"Language, as well as the faculty of speech, was the immediate gift of God." ~ Noah Webster

Wednesday, June 22, 2016

Offering Up the Whole

Years ago - the 1970's, I believe -  there was a poet named Rod McKuen. He was a "modern-day" poet.  A bit of the "60's revolution, by all counts. I read his stuff at the time. I can't say I liked all of it, but I liked poetry, and back then, he was "trending" as they would say today. They didn't use that term, however. He was a bit cynical and a tad depressing, and if I remember correctly - a whole lot "distrusting". He was surely a part of the counter culture that was occurring at that time.  I don't even know if he is still alive today. I guess I could check that out easily enough, and maybe I will at some point.

I hate to admit it, but lately, one of his poems keeps coming back to me invading my thoughts and trying to stir up agitation or something similar; not even sure what. It isn't the whole poem I remember, but rather only a line or two. I decided to try to see if I could find the poem. The line was almost haunting me.  I found it is from his poem called The Leaving. And I do NOT recommend it. It's depressing, cynical, and I suppose full of distrust. (see above) But I will say this, there is much of the poem that will cause one to think; to really think about what the author is saying and then ponder ones agreement or disagreement. For example:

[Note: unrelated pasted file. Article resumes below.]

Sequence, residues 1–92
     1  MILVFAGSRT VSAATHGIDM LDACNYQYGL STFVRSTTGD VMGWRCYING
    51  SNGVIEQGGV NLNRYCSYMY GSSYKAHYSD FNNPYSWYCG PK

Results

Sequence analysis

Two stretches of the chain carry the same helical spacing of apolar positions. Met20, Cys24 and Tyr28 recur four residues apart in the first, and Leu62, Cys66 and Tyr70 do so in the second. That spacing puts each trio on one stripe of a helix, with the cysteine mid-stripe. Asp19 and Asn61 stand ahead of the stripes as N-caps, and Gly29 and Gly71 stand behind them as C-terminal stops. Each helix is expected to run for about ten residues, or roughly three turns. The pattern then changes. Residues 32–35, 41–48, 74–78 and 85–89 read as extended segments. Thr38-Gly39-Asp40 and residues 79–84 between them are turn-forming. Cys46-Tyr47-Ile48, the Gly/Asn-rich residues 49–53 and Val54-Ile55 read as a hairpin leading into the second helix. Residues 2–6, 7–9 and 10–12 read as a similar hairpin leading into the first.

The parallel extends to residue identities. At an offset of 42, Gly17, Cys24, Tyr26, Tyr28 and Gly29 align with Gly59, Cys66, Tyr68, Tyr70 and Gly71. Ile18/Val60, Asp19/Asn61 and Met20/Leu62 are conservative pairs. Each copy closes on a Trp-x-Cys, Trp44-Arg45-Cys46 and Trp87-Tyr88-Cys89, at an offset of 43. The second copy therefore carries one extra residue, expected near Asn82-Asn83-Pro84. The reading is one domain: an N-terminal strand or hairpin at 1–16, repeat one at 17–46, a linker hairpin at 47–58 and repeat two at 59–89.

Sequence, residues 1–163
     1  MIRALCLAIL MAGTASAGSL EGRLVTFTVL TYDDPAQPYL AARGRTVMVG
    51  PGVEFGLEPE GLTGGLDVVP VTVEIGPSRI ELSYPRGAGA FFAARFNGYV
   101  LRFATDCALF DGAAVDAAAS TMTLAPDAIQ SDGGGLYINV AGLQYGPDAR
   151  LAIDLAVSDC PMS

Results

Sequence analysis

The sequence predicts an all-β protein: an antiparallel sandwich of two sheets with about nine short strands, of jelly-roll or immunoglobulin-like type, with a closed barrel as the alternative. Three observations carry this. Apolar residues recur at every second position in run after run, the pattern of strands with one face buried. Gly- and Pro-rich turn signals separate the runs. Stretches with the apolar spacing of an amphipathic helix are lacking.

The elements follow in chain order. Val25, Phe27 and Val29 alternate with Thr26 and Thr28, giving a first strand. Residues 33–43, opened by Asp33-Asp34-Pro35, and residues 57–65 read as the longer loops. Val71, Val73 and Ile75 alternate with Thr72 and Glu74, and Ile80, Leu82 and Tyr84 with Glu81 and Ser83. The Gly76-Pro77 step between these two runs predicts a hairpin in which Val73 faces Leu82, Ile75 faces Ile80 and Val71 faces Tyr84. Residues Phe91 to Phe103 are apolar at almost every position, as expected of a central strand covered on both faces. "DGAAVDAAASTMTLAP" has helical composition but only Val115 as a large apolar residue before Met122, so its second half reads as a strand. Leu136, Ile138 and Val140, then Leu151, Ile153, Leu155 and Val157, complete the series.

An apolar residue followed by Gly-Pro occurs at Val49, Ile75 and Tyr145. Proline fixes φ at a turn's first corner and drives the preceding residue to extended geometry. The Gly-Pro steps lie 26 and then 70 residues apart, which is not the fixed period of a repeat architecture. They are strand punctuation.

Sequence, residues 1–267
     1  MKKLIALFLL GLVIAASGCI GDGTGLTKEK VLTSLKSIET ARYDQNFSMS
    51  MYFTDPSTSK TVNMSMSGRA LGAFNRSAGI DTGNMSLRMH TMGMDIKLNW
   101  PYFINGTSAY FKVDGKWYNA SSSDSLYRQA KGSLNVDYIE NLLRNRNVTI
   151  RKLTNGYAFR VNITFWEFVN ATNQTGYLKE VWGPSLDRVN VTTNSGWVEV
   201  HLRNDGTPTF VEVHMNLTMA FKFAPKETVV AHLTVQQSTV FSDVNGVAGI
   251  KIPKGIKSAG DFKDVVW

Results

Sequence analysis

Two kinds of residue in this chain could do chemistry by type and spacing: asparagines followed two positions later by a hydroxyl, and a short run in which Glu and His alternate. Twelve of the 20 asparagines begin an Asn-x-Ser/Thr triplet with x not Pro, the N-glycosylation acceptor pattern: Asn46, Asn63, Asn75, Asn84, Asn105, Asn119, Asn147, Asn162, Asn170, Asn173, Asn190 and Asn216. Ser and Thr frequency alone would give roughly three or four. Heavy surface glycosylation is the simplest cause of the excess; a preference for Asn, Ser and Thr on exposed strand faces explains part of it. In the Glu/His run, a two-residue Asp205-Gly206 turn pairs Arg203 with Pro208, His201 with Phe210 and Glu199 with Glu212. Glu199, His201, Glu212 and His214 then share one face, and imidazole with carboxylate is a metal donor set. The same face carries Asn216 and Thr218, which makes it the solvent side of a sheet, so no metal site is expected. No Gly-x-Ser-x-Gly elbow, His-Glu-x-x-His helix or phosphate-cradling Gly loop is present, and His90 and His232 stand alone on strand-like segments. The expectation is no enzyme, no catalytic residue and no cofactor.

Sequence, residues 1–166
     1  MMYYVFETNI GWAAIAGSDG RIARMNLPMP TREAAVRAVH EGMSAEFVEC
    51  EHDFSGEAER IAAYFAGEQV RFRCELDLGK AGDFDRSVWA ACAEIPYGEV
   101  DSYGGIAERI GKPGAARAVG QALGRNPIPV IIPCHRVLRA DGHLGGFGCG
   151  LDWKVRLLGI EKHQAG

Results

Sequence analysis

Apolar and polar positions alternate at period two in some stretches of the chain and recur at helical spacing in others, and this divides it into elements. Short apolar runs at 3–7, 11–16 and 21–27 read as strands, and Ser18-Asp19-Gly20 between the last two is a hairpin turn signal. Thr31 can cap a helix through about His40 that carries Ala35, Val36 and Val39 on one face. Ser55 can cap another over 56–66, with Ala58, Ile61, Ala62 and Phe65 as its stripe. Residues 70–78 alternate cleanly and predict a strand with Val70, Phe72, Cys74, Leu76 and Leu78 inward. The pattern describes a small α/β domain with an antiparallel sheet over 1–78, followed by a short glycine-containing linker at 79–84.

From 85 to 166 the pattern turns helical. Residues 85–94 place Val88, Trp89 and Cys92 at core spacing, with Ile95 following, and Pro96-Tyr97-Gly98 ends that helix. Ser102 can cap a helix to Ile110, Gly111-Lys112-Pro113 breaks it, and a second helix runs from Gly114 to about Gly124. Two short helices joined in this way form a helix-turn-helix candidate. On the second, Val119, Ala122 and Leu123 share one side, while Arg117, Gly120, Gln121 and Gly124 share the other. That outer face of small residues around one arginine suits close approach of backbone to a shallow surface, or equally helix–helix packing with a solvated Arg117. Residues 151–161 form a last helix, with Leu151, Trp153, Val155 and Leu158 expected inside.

I do not dangle
at the dawning
on a strand of sunlight,
nor do I perch on
paragraphs of prayers.

Beautiful alliteration, which was popular at the time. But what in the world does that mean? I do not want to perch on the paragraphs of prayers. I want to shelter under His wing.

All men have lessons
they can give you
even in rejection.
And the least that you can offer any man
is your good arm or shoulder.

Agreed. And I would even say "especially in rejection" there are lessons to learn. But that good arm or shoulder is rather rare in either case. Moreover, prayers would be better in accompaniment with that good shoulder.

The small times count.
The inches not the miles.
Touches not tradition
will fill your memory
in the morning or the end.

Oh I don't know about that. Truly, it is the small times that count...and maybe it is the inches over the miles. I really don't know. The inch is sometimes the only thing that gets us where we are going. But in the end we only count the miles.  Touches over tradition? I don't know about that either. Touches are most often remembered because of tradition.

The older one gets, everything all kind of just gets muddled together, and repetition is what helps in remembering. Traditions are extremely important, in my view.

There is something to be said about a kind, gentle touch, however. It is actually rather rare.

But the line that keeps coming back to me of late (probably because I had to do a high school or college paper on it at the time) is this one:

There will be
times when many
will want pieces of you
but only offer up the whole.